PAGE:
Inventory System: Executive Summary

Topics: Wikipedia, Jimmy Wales, Larry Sanger Pages: 5 (1359 words) Published: January 23, 2013
Wikipedia: Why it is not a Credible and Valid Source of Information
MGT/521 - Management
May 21, 2012


There is increase in popularity and use of the Internet for research purposes by schools and students. Popular among the web-based information resource is the Wikipedia. Wikipedia is a free encyclopedia that uses wiki software for the creation and editing of contents on its site. The use of Wikipedia for research has increased over the years. It is the world's acclaimed 6th most visited website ("Most Popular Websites on the Internet", 2012) . This status is not without its own challenges. The main one being that of credibility. An online encyclopedia that allows anyone to edit its entries to some, limits its validity. This paper attempts to look at some of the reasons its credibility is in question.

Wikipedia is a free online encyclopedia. It uses a collaborative software known as wiki to facilitate the creation, development, and editing of entries by contributors who do so without pay. It is available in 285 languages with about 100,000 regularly active contributors. Once connected to the web users can write and edit articles on the site. Wikipedia has gained much popularity particularly because of its rich information and full accessibility of data. However, owing to its open-source management style that allows anybody to change contents, there has been a growing concern about Wikipedia's credibility as a source of information for academic work.

Wikipedia was founded as an offshoot of Nupedia, a now-abandoned project to produce a free encyclopedia. Nupedia had an elaborate system of peer review and required highly qualified contributors but the writing of articles was slow. During 2000, Jimmy Wales, founder of Nupedia, and Larry Sanger whom Wales had employed to work on the project, discussed ways of supplementing Nupedia with a more open, complementary project. Multiple sources suggested that a wiki might allow members of the public to contribute material, and Nupedia's first wiki went online on January 10, 2001. There was considerable resistance by Nupedia's editors and reviewers to the idea of associating Nupedia with a website in the wiki format, so Sanger coined the name Wikipedia, which is a portmanteau of wiki (a type of collaborative website, from the Hawaiian word wiki, meaning "quick") and encyclopedia. Wikipedia was launched on its own domain,, on January 15. In May 2001, a wave of non-English Wikipedia was launched. (Wikipedia, 2012).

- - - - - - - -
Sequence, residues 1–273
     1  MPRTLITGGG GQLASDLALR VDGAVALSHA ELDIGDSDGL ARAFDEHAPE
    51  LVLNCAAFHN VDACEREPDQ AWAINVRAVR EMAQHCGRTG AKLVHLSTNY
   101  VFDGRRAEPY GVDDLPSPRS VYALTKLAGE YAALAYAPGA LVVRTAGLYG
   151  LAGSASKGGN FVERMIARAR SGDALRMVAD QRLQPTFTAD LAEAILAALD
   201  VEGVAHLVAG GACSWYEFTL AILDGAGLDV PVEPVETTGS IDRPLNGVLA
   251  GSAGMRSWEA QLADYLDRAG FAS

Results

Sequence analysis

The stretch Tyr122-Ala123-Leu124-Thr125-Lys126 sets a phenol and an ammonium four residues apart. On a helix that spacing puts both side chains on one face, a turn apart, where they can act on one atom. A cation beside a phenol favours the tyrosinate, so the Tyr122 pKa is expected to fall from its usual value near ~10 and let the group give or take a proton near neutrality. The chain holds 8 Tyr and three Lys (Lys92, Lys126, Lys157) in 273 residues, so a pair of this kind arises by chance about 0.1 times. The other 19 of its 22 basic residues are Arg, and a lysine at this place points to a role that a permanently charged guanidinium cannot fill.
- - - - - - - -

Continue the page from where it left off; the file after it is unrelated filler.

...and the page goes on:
Supporters of Wikipedia believe contents are verified for accuracy, and monitored for consistency and currency. Nevertheless, at the rate contents are created and edited - about three million in 2008 and presently 21 million - accuracy cannot match the speed! Voss (2011) stated "Edit history and user contributions are auxiliary clues (to the quality of the site)  but very time-consuming to review" (p.10). Even the founder of Wikipedia have expressed concern over the existence of such inconsistency and inaccuracy of contents. " Various experts (including founder Jimmy Wales and Jonathan Zittrain, Oxford University) have expressed concern over possible (intentional or unintentional) bias" ("Wikipedia", 2012).

Others contend that because Wikipedia is a huge information resource, which allows open inspection and arguments in which changes are debated, it is a useful source for scholastic work (Smooth & Crovitz, 2011). Many others argue that the errors found on Wikipedia are not uncommon to errors found in other encyclopedias. For example, In December 2005, the scientific journal Nature published the results of a study comparing the accuracy of Wikipedia and the printed Encyclopedia Britannica. The researchers found that the number of "factual errors, omissions or misleading statements" in each references work was not so different - Wikipedia contained 162, and Britannica had 123. This was not generally accepted as the makers...
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